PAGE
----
Treaty Signings

Modern treaties are nation-to-nation relationships between Indigenous peoples, the federal and provincial Crown and in some cases, a territory.

These treaties enable Indigenous peoples to rebuild their communities and nations on their own terms.

The first modern treaty came into effect in 1975, and the latest modern treaty to come into effect was in 2016.

Modern treaties define the land and resource rights of Indigenous signatories, and are intended to improve the social, cultural, political, and economic well-being of the Indigenous peoples concerned.

Also known as comprehensive land claim agreements, modern treaties are generally signed where Indigenous title and rights have not been settled.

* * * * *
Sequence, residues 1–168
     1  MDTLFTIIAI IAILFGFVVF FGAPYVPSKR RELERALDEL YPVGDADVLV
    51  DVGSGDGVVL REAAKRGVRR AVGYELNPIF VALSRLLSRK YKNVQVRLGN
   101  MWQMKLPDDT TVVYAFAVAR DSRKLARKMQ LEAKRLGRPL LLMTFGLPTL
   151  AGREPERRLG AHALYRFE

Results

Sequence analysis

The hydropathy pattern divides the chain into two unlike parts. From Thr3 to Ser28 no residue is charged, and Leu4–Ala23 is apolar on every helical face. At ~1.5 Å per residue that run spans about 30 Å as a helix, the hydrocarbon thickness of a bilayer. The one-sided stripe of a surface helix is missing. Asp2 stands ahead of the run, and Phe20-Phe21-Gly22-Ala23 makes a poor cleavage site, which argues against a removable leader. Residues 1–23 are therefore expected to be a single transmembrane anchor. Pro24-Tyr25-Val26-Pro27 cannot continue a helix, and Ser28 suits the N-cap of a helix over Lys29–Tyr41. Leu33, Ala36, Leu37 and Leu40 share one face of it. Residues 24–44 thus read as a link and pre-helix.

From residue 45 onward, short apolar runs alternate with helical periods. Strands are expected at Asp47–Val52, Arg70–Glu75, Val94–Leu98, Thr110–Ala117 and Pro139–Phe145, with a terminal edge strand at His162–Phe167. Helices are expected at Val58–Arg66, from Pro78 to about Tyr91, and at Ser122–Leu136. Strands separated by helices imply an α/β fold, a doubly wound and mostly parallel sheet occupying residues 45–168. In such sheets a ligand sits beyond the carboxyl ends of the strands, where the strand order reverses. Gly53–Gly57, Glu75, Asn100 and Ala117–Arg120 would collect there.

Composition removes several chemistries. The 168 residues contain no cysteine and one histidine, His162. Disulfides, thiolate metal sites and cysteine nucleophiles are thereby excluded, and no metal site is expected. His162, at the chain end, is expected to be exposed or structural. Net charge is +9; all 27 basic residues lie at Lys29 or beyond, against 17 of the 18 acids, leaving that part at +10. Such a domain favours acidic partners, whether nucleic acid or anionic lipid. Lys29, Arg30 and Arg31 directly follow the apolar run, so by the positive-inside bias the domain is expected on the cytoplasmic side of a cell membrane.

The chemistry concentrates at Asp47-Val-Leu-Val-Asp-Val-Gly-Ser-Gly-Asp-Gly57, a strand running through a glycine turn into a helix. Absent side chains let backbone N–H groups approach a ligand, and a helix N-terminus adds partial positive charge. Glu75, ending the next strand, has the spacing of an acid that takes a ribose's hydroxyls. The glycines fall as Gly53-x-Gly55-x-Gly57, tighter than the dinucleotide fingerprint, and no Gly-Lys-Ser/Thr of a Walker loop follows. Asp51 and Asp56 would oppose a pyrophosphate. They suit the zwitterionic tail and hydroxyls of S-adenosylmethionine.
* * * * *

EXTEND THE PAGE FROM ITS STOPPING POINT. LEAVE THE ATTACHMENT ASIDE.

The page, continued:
To date, 26 modern treaties have been concluded between the Crown and Indigenous peoples, covering over 40 percent of Canada’s land mass.

More modern treaties will be signed in the coming years; more than 70 Indigenous groups are currently negotiating modern treaties with the Government of Canada.

Modern treaties address such matters as:

  • Ownership and use of land, water and natural resources, including the subsurface
  • Management of land, water, and natural resources, including fish and wildlife
  • Harvesting of fish and wildlife
  • Environmental protection and assessment
  • Economic development
  • Employment
  • Government contracting
  • Capital transfers
  • Royalties from resource development
  • Impact benefit agreements
  • Parks and conservation areas
  • Social and cultural enhancement
  • The continuing application of ordinary Indigenous and other general programming and funds
  • Self-government and public government arrangements


Modern Treaty Timeline

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